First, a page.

It wasn’t a large assault, but even so Figo found himself terrified, a second too late drawing his levl to completely parry the attacker that came for him. He drew a dryw and slashed at his attacker, heart racing as the nobles of House Ihwaz lumbered out of their city to attack with their favored noble tool, the saer – a heavy block of metal attached to a long stick. Such tools were meant to destroy structures or force things together, but the damage they inflicted on the human body when in the hands of Ihwaz’s giants was terrifying to behold.

The Coeecians fell back, tried to regroup, giving Figo a chance to breathe. He remembered the things that his lover had told him: the Coeecians are cowards at heart, he heard her whisper. They require gods to justify themselves and protect them from their terrors, and one another to goad themselves into doing anything. Find their leader, kill him, and the rest will scatter.

Figo scanned the small group. Even now they were retreating from Ihwaz in a tight pattern while causing as much damage to the city as they were able, forcing some of their victims to stop and deal with what they left in their wake. He remembered the lessons that Hekro had given him regarding the Coeecian placement of troops, how their chaos only appeared as such. A single man stood in the center of the chaos, untouched by the madness happening all around him.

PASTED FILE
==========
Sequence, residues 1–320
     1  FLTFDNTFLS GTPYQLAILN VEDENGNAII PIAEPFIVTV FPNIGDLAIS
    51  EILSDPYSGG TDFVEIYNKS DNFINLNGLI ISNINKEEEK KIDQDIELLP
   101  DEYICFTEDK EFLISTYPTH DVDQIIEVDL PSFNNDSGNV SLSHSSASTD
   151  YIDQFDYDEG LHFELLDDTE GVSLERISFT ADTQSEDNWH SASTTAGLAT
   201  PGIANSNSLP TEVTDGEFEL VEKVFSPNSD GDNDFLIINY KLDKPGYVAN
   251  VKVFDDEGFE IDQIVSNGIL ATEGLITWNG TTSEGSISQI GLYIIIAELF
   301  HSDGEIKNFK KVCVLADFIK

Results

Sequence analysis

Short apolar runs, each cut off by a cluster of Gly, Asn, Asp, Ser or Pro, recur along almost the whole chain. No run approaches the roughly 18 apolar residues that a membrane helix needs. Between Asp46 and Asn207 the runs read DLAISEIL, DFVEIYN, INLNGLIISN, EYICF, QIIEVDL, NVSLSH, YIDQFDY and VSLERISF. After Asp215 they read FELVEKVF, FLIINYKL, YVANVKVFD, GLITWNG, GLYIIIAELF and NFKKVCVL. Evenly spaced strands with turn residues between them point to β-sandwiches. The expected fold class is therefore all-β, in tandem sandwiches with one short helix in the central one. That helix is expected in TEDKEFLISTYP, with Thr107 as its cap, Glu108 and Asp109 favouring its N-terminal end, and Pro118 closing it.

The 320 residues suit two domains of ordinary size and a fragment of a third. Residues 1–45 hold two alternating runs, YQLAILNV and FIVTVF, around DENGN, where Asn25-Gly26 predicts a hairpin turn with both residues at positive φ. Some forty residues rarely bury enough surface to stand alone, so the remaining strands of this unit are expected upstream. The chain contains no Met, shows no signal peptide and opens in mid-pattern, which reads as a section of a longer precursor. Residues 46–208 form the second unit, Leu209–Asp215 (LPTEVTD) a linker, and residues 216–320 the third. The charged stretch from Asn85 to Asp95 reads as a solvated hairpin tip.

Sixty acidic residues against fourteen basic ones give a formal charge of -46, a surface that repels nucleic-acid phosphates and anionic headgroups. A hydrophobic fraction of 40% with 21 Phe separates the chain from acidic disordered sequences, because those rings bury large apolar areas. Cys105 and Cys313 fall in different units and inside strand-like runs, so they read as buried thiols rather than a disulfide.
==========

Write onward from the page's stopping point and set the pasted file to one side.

Running with all the strength in him, Figo edged ever closer to the Coeecian raiders, flanking them from the left. He hopped up a barrel, leaped up and caught the roof of a house, ran across the structure and jumped off it and into the midst of the Coeecian swarm. The leader had time only to blink before Figo’s levl lashed out and caught the man in the throat, crushing his windpipe. The man clawed at his neck, fell to his knees, keeled over when Figo booted him in the face, and then lay still.

The Coeecians broke and ran.

Something slammed into his spine.

His knees lacked the ability to hold him upright; he fell. He heard a woman scream in anger, the same woman that had greeted him earlier. Gentle hands spun him carefully, fingers cradling his neck. A giant, looking embarrassed, stood over to one side, cradling his saer, as the woman looked down at him and tried to say something that Figo could not quite understand. He tried to nod but couldn’t, his body tingling but otherwise without sense.

Nicu was nowhere to be seen.